Tuesday, July 05, 2011

Making your Linux computer silent

These are some notes I made back before Solid State Disks were popular. If I were doing this today, I'd get an Intel Atom processor with SSD disks, and no fans. These tips might still be relevant for desktop computers.


While you may not realize it, your computer is capable of being silent, or at least quieter. I collect some tips here which might help in reaching this goal.
  • Buy a good power supply. A lot of the noise comes from power supply fans and other fans in the system. While the CPU fan is usually rather silent, some power supply fans are very noisy. If you want to make your existing fan quieter, a good way is to blow the dust out. Dust stuck in the fans makes noise. You could use a bicycle pump to force air through the fan after switching off the computer. Your mileage may vary. CPU heatsink fans have the tendancy to get very dirty, and dirt gets accumulated in the heatsink fins. I've found cleaning these fins to make quite a dramatic change in the amount of noise from the heatsink fan.
  • Use noflushd: It is a user level daemon that prevents disk writes from spinning disks back up.
  • Don't use journaling filesystems. Ext3, reiserfs, xfs, jfs are all journaling filesystems and commit data to disk without going through any cache. While journaling filesystems are cooler and have much better recovery and consistency: if you have a noisy disk: they will make it spin almost continuously. Turn off journaling with ext3, or change the filesystem if you can. Here is a quick way to convert an ext3 partition to ext2. This will work even if it is the / filesystem, though nothing is guaranteed. First, turn off all the services possible, and try to get almost no processes running. Then edit /etc/fstab so that the ext3 filesystems are changed to ext2. Next, run the command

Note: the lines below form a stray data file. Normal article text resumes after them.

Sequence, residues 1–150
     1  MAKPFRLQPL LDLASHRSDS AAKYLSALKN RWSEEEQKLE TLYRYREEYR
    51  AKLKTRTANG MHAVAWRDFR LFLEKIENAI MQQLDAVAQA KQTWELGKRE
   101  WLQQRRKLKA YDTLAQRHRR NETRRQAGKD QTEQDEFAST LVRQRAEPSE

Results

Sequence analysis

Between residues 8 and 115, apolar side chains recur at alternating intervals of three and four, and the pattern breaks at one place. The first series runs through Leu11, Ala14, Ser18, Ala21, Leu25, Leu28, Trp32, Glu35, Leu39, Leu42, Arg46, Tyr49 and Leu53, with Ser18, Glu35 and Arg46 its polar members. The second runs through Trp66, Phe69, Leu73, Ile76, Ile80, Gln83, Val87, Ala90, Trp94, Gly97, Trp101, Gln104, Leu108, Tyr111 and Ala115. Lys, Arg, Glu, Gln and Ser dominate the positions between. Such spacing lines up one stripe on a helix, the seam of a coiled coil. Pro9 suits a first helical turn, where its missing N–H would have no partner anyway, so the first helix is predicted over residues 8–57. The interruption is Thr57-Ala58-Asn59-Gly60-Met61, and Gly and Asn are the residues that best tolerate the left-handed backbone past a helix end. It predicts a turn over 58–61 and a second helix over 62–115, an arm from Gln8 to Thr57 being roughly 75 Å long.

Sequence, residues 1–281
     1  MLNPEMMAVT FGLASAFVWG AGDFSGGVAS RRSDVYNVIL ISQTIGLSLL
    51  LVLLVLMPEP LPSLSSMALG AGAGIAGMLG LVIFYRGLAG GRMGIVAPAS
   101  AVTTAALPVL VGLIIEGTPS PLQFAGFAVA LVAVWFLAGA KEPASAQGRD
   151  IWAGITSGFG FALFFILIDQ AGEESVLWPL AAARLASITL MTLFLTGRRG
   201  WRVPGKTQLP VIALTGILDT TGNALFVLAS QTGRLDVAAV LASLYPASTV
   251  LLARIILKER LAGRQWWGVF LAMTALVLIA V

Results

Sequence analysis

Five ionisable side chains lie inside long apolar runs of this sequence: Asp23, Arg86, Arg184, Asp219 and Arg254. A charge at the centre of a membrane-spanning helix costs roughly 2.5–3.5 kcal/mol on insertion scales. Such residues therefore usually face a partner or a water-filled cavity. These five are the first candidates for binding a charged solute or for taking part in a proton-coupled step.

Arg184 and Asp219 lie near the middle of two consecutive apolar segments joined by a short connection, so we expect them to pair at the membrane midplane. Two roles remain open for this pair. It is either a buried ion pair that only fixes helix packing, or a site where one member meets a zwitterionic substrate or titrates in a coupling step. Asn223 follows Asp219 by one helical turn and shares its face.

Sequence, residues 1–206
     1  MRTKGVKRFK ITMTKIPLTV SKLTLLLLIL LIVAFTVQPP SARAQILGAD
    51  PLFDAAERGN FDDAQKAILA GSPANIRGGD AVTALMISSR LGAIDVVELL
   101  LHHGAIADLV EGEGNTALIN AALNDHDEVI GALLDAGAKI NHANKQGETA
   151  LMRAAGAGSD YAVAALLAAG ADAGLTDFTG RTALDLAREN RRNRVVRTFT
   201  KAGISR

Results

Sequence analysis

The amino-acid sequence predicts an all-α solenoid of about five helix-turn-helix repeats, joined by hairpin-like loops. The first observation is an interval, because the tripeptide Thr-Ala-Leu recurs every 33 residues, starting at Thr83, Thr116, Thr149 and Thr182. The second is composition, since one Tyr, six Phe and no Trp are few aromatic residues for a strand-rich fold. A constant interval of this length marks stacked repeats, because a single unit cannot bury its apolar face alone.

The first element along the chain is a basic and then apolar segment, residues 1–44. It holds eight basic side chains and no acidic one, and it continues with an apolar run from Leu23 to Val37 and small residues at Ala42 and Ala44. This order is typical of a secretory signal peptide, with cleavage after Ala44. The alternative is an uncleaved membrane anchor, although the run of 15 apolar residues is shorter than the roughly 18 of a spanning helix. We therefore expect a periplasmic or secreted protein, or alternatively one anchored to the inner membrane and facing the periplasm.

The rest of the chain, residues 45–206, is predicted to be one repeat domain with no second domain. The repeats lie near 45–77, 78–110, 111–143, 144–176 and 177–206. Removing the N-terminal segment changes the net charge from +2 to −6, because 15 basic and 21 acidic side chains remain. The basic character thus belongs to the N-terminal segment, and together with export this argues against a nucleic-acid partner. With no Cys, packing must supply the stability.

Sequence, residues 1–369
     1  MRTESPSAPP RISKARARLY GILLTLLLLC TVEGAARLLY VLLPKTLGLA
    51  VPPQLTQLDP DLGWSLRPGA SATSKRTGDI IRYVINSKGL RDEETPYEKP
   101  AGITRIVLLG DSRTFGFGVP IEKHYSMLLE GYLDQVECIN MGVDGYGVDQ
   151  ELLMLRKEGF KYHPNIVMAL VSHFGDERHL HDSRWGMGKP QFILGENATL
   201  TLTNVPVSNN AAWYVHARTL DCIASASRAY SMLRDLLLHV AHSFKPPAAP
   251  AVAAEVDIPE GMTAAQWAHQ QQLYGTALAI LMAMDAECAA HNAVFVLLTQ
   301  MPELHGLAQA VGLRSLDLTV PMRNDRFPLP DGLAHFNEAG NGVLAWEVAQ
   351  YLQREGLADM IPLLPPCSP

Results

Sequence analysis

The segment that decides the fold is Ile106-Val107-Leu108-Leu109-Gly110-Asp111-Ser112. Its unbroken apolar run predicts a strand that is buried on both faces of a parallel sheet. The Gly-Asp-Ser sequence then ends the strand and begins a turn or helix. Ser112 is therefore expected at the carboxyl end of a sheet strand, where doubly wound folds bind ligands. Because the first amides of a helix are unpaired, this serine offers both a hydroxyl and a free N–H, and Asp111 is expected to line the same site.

vi /etc/fstab  # <- change /dev/sdaXX from ext3 to ext2
    mount -o remount,ro /dev/sdaXX
    tune2fs -O ^has_journal /dev/sdaXX
    mount -t ext2 -o remount,rw /dev/sdaXX
    
    After these commands, you might want to reboot, and see if the filesystem is now ext2. It worked for my iMac, where I could not reboot to another Linux distribution. Again, your mileage may vary.
  • Turn off as many services as you can. If you don't need mysql running all the time, switch it off. A lot of services want to write logs, and you can either change their configuration to disable log writing, or look at the next step.
  • If you have directories in which frequent writes are required, consider mounting them as a tmpfs. This is a new filesystem in Linux which keeps data on RAM, and not on disk. This means that if the machine goes down, your data is lost. To avoid losing data, you might want to copy the data out to real disk when switching off the machine. This is a great way to write log files, or put images from the webcam that you take every second or so. After all, when you have the most recent image, you might not be so interested in the older photos. If your kernel is too old, you might want to use the ramdisk module, but tmpfs is a better choice if you have it.